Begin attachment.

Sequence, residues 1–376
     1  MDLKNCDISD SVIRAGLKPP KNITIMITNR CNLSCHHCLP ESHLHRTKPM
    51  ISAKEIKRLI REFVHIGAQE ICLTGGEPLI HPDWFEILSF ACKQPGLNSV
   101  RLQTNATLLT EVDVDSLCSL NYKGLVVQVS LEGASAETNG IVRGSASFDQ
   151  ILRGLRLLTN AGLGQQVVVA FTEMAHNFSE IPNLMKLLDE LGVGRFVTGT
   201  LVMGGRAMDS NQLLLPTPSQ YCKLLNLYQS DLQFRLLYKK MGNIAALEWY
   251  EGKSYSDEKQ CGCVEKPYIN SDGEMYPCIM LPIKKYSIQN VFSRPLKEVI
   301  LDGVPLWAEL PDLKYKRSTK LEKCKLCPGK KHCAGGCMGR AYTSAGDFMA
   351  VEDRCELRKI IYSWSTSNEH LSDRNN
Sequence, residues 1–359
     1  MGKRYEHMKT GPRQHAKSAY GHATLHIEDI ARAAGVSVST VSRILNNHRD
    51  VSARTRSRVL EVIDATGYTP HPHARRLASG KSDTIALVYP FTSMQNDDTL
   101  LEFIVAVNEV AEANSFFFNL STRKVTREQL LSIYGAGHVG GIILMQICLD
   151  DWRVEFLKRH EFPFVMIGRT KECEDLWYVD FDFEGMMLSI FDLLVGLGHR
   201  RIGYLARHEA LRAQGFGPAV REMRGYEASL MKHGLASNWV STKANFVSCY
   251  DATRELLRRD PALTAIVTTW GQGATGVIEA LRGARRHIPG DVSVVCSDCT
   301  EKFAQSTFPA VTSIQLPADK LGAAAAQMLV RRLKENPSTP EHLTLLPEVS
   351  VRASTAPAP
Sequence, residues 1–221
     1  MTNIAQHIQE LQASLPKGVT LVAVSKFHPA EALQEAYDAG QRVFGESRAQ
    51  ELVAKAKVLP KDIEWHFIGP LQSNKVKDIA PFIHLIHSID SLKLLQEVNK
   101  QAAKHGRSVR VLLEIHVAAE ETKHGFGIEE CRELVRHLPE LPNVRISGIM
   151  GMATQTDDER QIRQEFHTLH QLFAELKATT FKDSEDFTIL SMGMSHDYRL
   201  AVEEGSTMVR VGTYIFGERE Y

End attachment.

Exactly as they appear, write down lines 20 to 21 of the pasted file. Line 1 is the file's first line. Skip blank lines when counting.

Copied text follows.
     1  MTNIAQHIQE LQASLPKGVT LVAVSKFHPA EALQEAYDAG QRVFGESRAQ
    51  ELVAKAKVLP KDIEWHFIGP LQSNKVKDIA PFIHLIHSID SLKLLQEVNK